The U.S. Dollar Index fell 4.13 points last week, ending Friday, Nov. 11 at 106.42, the lowest close in nearly three months and the first weekly close below the 100-day average since June 2021. The spark that triggered last week's selling was the smaller-than-expected 0.4% gain in October consumer prices the Labor Department reported Thursday. Inflation is still running well above the Fed's 2% annual target and odds are high The Fed will still increase the federal funds rate again when it meets on Dec. 13, but this was the first time bullish assumptions for the U.S. were challenged in over a year and specs likely responded by jumping out of their positions. Fundamentally, it is difficult to see much bearish potential after last week's bearish response. Technically speaking, the momentum of the 16-month uptrend has been broken and the August low of 104.64 is a good candidate for near-term support.S&P 500 INDEX:
The S&P 500 Index closed up 222.38 points (6%) last week, ending Friday at 3,992.93, the highest close in nearly two months and back above its 100-day average, encouraged by the same consumer price index report mentioned above. The index has been in a choppy downtrend all year, pressured by the anticipation of rising interest rates and by a fear of recession. The falling stock market has also been a bearish source of influence for crop prices since summer as fears of recession led to noncommercial selling in several commodity markets. Technically, it is interesting that the Oct. 13 low of 3,491.58 marked a 50% retracement of the move from the low in March 2020 to this year's January high, a possible source of support. Last week's rally enhances a previous bullish turn in the weekly stochastic and suggests prices may have farther to go.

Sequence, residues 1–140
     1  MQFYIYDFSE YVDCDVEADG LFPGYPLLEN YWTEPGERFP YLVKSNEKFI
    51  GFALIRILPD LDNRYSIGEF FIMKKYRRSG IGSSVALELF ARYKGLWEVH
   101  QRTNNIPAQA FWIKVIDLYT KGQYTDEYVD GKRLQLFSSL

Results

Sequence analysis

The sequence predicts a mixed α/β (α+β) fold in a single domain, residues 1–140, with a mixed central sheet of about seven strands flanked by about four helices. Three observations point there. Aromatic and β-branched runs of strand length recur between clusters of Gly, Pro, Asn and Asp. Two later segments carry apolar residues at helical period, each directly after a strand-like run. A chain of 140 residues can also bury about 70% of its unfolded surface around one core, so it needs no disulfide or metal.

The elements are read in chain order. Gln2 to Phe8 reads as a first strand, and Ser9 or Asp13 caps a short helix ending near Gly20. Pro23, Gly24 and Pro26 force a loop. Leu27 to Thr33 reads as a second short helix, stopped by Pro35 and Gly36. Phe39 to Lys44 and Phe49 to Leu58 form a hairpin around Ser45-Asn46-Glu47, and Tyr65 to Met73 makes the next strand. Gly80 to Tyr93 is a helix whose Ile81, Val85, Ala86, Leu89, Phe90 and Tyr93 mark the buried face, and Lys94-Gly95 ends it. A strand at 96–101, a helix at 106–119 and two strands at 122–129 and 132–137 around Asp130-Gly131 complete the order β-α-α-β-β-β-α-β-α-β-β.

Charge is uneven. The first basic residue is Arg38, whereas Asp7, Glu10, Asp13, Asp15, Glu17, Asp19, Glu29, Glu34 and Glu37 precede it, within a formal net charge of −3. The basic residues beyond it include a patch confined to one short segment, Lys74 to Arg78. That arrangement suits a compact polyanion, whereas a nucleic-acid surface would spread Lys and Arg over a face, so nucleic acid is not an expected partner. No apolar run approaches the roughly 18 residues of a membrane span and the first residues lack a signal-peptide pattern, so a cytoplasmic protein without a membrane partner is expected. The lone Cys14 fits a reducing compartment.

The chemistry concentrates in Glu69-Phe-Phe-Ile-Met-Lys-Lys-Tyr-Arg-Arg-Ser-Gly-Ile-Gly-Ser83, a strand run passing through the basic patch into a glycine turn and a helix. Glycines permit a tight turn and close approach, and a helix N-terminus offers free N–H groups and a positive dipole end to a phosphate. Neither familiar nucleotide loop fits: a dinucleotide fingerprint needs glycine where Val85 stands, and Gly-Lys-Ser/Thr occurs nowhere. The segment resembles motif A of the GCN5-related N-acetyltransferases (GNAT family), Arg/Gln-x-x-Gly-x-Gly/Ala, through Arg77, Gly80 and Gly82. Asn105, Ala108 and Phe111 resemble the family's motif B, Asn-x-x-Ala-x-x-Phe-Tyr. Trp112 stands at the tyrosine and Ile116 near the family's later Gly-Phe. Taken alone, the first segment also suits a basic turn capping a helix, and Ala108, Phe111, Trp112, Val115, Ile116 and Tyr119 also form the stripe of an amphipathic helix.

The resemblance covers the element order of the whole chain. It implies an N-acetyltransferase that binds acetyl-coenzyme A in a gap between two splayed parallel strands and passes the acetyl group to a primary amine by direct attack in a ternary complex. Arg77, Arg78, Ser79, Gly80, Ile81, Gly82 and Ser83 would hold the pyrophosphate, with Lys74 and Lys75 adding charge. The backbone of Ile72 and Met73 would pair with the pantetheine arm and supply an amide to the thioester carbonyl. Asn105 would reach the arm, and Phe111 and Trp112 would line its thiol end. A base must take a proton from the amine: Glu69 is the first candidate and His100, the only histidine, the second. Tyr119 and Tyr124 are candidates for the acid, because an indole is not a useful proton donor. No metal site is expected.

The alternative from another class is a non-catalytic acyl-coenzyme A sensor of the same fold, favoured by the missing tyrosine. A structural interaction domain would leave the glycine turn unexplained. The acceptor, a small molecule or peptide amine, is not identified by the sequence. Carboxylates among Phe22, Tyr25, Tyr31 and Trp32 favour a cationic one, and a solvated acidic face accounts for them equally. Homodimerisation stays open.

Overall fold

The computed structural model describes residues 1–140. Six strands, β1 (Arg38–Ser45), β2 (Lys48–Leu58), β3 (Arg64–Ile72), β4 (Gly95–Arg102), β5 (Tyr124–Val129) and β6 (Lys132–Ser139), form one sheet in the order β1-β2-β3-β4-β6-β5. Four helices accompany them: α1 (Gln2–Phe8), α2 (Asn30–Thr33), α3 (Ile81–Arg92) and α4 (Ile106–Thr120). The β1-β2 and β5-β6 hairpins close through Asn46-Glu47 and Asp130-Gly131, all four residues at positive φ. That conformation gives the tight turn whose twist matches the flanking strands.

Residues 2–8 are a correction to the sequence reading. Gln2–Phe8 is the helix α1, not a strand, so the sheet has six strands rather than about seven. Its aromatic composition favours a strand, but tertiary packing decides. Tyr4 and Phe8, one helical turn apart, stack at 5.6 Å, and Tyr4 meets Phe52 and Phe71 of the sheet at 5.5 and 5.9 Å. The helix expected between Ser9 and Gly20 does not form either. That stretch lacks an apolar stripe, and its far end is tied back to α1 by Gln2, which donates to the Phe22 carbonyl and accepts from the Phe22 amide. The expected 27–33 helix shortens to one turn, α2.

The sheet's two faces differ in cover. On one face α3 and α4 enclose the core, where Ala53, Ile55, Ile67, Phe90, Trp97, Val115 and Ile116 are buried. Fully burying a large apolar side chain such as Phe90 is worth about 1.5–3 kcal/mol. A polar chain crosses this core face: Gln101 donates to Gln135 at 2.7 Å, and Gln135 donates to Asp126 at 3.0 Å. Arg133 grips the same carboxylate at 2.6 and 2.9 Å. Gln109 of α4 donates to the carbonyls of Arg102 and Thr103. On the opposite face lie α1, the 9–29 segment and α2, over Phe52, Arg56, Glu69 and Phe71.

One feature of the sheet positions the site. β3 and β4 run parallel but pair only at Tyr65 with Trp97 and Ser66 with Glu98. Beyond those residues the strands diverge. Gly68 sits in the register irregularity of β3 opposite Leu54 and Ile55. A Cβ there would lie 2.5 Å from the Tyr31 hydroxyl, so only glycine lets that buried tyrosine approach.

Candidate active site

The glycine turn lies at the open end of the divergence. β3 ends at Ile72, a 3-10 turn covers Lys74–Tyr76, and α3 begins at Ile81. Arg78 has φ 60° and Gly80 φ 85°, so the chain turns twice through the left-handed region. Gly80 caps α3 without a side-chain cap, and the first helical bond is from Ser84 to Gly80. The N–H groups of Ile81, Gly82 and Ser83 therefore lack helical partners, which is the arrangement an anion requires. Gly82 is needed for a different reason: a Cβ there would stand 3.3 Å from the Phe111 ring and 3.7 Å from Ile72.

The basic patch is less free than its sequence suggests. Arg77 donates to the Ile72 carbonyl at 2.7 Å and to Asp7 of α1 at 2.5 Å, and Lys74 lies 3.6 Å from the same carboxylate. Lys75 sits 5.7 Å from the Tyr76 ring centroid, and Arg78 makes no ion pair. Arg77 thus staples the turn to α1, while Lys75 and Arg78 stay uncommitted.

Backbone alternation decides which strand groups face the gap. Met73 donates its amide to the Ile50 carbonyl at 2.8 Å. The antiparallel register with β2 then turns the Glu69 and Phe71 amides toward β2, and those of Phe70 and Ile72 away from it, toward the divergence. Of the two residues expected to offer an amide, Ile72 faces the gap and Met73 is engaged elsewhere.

The Shanghai Composite Index closed up 102.65 points (3%) last week, ending at 3,099.65 Friday, the highest close in over a month, but below the 100-day average. Similar to the U.S. stock market, China's index has had its ups and downs in 2022 but has traded mostly lower. China does not have an inflation problem, but the economy has performed slower in 2022, hampered by its strict zero-policy response to COVID infections that keep popping up like a whack-a-mole game. For soybean traders, worries about China's economy have often translated to caution in the soybean market, but there has not been any sign of slower soybean demand from China yet. Technically speaking, the Shanghai Composite Index posted a bullish turn in the weekly stochastic last week, leaving behind a possible double-bottom formation. The bullish potential in this index coincides with a report from the Wall Street Journal Friday that China's government is starting to ease COVID restrictions in an effort to help the economy.
Comments above are for educational purposes and are not meant to be specific trade recommendations. The buying and selling of grain and soybean futures involve substantial risk and are not suitable for everyone.
Todd Hultman can be reached at Todd.Hultman@dtn.com
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